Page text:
* AS THE FIRST STEP TOWARD implementation, each plan and employer should determine whether the plan's funding methods meet the new "parameters" for reporting the plan's funded status and the employer's pension cost.

* STATEMENT no. 25 REQUIRES two financial statements and two supplementary schedules for defined benefit pension plans. It applies to pension trust funds of employers as well as separate plan reports. The financial statements will report current financial information about net assets, including the fair value of investments. Schedules will report the plan's funded status and the employer's required and actual contributions. Statement no. 25 is effective for periods beginning after June 15, 1996.

* SOLE AND AGENT EMPLOYERS are required by Statement no. 27 to measure and disclose annual pension cost on the accrual basis, and a net pension obligation (NPO) for any difference between pension cost and actual contributions. If there is no NPO, annual pension cost is equal to the employer's annual required contributions (ARC), calculated according to the parameters. When there is an NPO, the APC must be adjusted to qualify as pension cost. Statement no. 27 is effective for periods beginning after June 15, 1997.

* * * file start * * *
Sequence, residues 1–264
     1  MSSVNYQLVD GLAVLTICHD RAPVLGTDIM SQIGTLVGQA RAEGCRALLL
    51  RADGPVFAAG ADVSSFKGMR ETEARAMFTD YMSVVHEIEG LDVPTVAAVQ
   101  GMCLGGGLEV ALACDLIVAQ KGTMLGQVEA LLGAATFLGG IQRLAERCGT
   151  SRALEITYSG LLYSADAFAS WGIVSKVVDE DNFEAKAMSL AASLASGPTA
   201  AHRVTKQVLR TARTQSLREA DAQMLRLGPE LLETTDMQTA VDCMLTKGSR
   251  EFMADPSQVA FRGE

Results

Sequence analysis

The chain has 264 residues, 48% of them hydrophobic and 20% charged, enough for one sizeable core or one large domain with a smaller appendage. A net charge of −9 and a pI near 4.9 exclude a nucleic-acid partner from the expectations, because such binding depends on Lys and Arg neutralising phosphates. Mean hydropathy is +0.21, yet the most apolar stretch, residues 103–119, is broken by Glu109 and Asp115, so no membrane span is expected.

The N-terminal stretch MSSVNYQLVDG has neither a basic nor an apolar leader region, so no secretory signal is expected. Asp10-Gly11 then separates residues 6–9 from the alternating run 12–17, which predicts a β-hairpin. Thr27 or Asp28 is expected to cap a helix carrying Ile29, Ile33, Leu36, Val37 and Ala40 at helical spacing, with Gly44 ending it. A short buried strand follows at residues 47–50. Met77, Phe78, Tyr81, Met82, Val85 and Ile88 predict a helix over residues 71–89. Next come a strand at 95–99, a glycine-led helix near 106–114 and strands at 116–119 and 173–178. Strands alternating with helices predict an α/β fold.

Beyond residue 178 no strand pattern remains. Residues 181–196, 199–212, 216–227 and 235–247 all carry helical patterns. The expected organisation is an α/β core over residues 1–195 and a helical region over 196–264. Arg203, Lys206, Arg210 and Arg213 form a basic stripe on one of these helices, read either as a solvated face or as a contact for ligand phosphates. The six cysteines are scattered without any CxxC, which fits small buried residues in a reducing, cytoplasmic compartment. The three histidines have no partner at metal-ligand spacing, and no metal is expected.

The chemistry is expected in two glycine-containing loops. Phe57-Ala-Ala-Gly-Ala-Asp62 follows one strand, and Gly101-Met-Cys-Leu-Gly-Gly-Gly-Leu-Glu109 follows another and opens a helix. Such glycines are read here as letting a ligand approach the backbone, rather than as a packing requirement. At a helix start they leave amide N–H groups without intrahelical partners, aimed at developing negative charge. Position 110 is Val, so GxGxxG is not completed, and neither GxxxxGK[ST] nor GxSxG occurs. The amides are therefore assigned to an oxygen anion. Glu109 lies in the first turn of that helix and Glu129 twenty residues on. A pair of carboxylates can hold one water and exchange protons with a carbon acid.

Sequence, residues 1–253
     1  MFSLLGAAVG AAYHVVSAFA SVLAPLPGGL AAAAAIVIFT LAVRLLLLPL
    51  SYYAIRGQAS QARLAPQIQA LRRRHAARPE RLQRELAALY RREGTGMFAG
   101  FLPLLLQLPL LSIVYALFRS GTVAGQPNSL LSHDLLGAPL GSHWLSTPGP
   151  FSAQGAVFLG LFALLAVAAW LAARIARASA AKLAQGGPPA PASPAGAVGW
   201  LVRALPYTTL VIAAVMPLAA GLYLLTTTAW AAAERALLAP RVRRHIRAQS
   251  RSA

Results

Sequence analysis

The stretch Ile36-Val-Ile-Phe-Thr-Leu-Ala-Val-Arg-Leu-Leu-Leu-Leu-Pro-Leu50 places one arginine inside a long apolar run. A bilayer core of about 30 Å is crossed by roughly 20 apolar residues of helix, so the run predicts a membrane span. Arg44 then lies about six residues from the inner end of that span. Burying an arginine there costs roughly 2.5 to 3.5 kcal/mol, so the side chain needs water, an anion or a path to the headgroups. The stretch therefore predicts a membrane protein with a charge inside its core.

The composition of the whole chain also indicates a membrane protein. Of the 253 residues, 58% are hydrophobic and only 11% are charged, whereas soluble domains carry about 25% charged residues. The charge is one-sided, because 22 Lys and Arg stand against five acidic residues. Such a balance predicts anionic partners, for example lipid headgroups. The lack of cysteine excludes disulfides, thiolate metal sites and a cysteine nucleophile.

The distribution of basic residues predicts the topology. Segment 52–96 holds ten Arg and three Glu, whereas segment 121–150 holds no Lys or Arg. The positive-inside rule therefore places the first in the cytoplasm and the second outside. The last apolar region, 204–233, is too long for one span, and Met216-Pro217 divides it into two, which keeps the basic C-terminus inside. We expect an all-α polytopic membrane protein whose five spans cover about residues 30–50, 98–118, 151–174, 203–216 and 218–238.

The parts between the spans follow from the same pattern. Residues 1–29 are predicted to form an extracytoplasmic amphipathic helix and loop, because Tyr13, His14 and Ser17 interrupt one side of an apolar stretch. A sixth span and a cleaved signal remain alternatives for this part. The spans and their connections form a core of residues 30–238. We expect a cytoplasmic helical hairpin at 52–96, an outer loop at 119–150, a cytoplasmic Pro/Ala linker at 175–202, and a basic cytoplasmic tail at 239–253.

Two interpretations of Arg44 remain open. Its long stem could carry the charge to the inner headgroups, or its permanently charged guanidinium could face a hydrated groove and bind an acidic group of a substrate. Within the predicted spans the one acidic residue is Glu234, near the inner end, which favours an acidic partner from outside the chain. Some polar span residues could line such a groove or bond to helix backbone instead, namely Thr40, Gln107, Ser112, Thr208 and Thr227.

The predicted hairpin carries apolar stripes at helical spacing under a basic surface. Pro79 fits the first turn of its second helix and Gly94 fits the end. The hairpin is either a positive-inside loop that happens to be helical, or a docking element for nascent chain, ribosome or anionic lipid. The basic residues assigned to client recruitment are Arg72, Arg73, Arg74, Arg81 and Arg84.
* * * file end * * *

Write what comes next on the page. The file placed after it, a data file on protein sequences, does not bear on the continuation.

* COST-SHARING EMPLOYERS and those with defined contribution plans will recognize pension expenditures or expense equal to their contractually required contributions and a liability for unpaid amounts.

* PLAN ASSETS HELD by pension plans for postemployment health care benefits must be reported in separate financial statements under Statement no. 26. Statement no. 26 is effective for periods beginning after June 15, t996.
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Article Details
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Title Annotation:Governmental Accounting Standards Board statements no. 25, 26 and 27
Author:Wardlow, Penelope S.
Publication:Journal of Accountancy
Date:Jul 1, 1995
Previous Article:Retirement plan options.
Next Article:Never fear change.